Wavefront assessment and correction of the rat eye for two photon excitation therapies
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Photodynamic therapy (PDT) is a treatment in which light excites a photosensitive drug to produce oxygen radicals that kills nearby cells. Today, PDT’s is most commonly used application is for the destruction of cancerous tumor cells in humans, however it can also be used to treat the eye disease, age-related macular degeneration (AMD). One-photon excitation PDT treatment of AMD has not been found to successfully improve vision quality due to the revascularization in the retina which occurs post-treatment. Two-photon excitation (TPE) has been explored as an alternative because it may prevent revascularization of the retina post-treatment and provides more precise treatment localization. The rat eye has been selected as the optical model for testing TPE of a photosensitive drug, however the rat eye suffers from poor tear film quality and large optical aberrations requiring adaptive optics to improve retinal image quality and the probability of TPE. In vivo testing of the excitation of a photosensitive drug via TPE is an important step towards successful treatment of AMD in the human eye. In this thesis, the design of an adaptive optics scanning laser ophthalmoscope for two photon light delivery is outlined, retinal images and wavefront error correction of the rat eye using a Xinetics 37-channel deformable mirror are presented. The extension of a schematic rat eye model to include a contact lens and tear lens predicts improved image quality at the retina for a larger pupil size. During the course of this project, changes in refractive error and retinal image quality while using different contact lenses were observed. Based on the model and experimental observations, the use of rigid contact lenses was shown to improve retinal image quality of the rat eye and therefore the probability of TPE in the rat eye, prior to the use of adaptive optics.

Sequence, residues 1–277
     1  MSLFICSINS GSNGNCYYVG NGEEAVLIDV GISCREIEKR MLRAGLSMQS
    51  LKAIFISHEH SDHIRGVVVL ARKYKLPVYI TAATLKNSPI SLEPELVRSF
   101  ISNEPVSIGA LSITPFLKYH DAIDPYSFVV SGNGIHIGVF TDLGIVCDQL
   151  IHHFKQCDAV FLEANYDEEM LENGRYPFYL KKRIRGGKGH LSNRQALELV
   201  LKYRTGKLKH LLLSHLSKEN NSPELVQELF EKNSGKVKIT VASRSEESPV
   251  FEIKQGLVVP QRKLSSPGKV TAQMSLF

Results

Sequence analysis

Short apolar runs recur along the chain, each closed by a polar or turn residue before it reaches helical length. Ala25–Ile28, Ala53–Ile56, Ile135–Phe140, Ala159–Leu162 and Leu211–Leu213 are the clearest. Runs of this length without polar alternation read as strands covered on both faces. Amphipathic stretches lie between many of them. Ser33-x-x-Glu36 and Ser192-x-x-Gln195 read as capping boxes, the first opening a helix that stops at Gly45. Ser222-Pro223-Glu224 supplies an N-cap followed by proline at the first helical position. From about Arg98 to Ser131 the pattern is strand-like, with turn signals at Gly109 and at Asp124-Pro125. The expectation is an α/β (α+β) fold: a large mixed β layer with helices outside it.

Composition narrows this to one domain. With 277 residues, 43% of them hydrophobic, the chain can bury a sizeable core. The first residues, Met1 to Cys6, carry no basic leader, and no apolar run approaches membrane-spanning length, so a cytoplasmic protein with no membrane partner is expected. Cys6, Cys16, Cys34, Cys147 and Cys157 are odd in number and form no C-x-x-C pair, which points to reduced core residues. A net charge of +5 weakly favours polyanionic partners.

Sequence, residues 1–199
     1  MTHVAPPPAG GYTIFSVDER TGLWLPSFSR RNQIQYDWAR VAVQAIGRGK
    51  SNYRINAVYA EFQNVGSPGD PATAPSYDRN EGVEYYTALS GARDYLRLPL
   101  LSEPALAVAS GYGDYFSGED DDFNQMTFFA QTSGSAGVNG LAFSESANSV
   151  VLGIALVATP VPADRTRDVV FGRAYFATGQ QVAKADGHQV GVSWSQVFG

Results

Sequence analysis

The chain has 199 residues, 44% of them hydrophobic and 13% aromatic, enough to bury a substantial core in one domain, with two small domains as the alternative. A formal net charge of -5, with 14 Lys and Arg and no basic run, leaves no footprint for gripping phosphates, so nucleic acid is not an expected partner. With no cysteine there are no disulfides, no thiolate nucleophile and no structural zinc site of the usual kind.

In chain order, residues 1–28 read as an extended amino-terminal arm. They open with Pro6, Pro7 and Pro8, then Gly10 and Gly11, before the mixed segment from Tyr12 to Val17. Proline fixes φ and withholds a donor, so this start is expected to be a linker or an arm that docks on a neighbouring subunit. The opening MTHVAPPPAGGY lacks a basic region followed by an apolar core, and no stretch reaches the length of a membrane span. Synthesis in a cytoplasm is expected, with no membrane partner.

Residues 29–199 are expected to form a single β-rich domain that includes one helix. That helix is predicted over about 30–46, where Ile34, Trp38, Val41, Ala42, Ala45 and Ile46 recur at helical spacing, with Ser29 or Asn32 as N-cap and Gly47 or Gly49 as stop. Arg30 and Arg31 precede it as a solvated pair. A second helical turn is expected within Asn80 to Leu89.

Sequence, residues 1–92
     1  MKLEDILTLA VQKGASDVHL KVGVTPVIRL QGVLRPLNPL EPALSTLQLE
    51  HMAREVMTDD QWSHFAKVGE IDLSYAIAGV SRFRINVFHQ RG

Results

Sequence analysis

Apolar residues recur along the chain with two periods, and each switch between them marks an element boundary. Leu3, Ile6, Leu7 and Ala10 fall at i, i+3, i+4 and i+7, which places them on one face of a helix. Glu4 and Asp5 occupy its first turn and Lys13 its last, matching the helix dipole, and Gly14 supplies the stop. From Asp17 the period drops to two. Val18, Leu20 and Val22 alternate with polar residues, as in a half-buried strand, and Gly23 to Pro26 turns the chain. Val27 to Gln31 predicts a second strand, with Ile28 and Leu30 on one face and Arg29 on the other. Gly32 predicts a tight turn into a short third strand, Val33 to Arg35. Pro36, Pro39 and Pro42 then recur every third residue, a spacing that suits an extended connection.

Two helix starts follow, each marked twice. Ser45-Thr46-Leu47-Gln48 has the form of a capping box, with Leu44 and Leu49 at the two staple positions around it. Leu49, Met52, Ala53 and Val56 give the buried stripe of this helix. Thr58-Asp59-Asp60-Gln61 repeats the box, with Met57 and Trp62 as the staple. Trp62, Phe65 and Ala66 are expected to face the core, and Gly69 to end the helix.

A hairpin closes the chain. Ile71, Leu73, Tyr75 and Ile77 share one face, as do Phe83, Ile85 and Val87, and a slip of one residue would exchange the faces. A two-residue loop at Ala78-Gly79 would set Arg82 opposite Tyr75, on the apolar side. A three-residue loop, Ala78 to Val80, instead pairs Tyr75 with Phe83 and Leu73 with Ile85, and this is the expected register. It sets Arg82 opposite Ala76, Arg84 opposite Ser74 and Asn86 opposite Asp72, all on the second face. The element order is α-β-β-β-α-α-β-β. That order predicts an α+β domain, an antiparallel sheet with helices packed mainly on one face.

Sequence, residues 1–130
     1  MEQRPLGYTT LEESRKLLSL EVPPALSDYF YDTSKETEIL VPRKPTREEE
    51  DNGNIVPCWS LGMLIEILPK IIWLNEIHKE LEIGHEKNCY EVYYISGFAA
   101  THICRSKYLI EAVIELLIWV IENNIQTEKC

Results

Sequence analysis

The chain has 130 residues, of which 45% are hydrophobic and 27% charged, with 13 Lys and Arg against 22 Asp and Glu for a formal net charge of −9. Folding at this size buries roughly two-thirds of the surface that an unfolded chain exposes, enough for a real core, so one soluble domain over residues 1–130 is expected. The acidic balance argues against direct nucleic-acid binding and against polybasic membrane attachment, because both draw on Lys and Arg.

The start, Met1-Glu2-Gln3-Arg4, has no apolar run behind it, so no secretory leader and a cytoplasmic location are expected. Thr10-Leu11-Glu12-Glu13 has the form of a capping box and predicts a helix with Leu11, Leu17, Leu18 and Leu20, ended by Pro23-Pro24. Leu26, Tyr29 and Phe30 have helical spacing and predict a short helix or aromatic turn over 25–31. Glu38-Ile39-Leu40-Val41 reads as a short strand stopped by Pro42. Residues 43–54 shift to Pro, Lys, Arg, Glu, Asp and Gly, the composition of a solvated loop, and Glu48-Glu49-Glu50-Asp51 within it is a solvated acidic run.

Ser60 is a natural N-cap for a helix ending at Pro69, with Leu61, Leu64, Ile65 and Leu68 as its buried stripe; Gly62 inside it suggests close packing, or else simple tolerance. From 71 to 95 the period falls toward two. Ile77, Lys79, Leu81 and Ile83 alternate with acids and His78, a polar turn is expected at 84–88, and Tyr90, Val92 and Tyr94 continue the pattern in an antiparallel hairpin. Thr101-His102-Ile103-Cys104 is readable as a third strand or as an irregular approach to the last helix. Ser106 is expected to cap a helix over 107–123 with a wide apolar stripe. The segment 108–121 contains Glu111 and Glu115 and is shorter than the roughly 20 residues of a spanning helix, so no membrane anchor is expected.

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Ian Andrews (2016). Wavefront assessment and correction of the rat eye for two photon excitation therapies. UWSpace. http://hdl.handle.net/10012/10748